That statement was made before Thursday's elections were cancelled, however. No new statement had filtered out of FIS party headquarters by yesterday afternoon, but few here expect the FIS to quietly accept what its supporters in the street are already calling a "theft."

At the same time, observers here say the party is deeply divided over how to respond to the cancellation, just as it was divided over whether to participate in the elections in the first place.

No one doubts that calls to action would be followed by many FIS supporters. "If the [FIS supreme council] tells us to shutter our shops and go on strike, we'll do it," says grocer Benhamouda.

While a portion of Algeria's unemployed, disenchanted youth awaits nothing more than the word to begin what it calls "a smashup," part of the party's leadership is reluctant to initiate what could be a repetition of the deadly riots of 1988.

It is generally believed that Benjedid was forced to resign by an Army that did not like the way he had managed the country's democratization process, which put Algeria on the verge of a FIS government. That same Army is making a statement by its presence in the capital's streets that it will not tolerate any unrest. Divided opposition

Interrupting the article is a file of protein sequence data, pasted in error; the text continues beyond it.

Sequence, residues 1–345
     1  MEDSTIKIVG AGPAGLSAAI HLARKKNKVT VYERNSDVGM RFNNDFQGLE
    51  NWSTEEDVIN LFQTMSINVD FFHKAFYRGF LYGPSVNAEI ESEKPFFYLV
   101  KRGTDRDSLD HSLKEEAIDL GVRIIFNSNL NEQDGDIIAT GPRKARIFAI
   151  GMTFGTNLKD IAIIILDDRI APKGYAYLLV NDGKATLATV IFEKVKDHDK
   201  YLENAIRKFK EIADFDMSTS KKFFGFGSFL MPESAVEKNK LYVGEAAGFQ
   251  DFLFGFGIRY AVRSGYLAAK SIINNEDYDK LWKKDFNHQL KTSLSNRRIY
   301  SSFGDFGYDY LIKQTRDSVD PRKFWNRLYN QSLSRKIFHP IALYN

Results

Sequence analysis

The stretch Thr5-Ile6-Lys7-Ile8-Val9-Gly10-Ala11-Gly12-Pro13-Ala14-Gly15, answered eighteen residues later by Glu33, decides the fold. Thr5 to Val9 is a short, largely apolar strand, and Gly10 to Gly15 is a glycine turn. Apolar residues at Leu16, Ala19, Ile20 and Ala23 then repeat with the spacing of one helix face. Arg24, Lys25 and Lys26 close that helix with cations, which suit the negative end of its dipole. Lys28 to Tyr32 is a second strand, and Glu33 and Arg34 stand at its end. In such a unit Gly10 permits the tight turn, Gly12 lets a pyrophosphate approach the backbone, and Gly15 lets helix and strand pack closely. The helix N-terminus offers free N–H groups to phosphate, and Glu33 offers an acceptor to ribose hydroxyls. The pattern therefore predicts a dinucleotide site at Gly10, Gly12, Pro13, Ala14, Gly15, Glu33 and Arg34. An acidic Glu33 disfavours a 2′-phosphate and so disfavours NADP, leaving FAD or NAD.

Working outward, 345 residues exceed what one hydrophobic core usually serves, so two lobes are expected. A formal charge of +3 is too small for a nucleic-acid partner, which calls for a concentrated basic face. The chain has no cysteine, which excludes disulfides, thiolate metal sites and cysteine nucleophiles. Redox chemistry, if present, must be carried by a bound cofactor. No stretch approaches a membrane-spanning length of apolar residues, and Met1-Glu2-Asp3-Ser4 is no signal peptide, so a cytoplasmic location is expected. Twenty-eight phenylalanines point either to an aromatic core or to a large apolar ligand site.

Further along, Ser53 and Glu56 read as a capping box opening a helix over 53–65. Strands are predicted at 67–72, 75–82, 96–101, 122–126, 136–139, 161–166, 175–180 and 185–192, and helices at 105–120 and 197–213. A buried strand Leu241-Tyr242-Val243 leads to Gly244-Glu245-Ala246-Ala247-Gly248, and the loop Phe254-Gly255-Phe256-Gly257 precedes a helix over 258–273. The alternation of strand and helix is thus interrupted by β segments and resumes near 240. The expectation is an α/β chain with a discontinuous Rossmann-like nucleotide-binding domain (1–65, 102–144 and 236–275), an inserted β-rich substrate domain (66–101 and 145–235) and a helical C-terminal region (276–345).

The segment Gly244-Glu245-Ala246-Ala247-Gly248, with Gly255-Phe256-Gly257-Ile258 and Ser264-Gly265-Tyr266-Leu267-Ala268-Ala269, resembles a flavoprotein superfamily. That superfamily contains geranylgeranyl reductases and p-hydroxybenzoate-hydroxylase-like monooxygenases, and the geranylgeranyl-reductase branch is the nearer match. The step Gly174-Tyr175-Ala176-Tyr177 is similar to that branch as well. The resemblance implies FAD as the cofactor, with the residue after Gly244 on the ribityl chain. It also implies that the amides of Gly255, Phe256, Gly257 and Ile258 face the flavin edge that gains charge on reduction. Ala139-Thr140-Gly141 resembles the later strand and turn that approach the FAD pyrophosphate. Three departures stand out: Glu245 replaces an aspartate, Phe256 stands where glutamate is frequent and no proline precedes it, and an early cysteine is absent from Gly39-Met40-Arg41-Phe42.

How the FIS addresses its own divisions will determine Algeria's stability over the coming weeks. A radical faction was opposed to participating in the elections and is likely to press the movement to follow different means for taking power. More moderate circles, led by Mr. Hashani, are unlikely to send their youthful base to what some observers fear would be "certain butchery." But they will also want to address their conviction that they were double-crossed by political leaders who insisted the electi ons' results would be respected.

In the meantime, the Army will be giving the man it has chosen to run the country, Mr. Ghozali, every opportunity to prove that the country is still under civil authority. Ghozali, former economics and foreign affairs minister before becoming prime minister last year, is respected internationally and has a reputation in Algeria for being removed from the ruling National Liberation Front and its financial scandals.

Many of the country's self-described "democratic forces" say this break with both an election process they considered to be fraudulent and the political atmosphere of graft symbolized for them by Benjedid is just what the country needs.

"This is the break with the methods of the past that can finally put Algeria on new footing," says Khalida Messaoudi, a women's activist who called for Benjedid's resignation last week.

Unlike Mr. Ait Ahmed, Mrs. Messaoudi does not condemn the rupture of the democratization process, but welcomes it as a means of giving Algeria the time to develop a strong democracy and stable republic.

Noting that the FIS lost 1.2 million votes between the June 1990 municipal vote and December's legislative vote, she says Algeria needs more time to perfect a process that is still young.

"The United States took a long time to develop its brand of democracy, France even more," she says. "Who's to say Algeria had to accomplish it in two years?"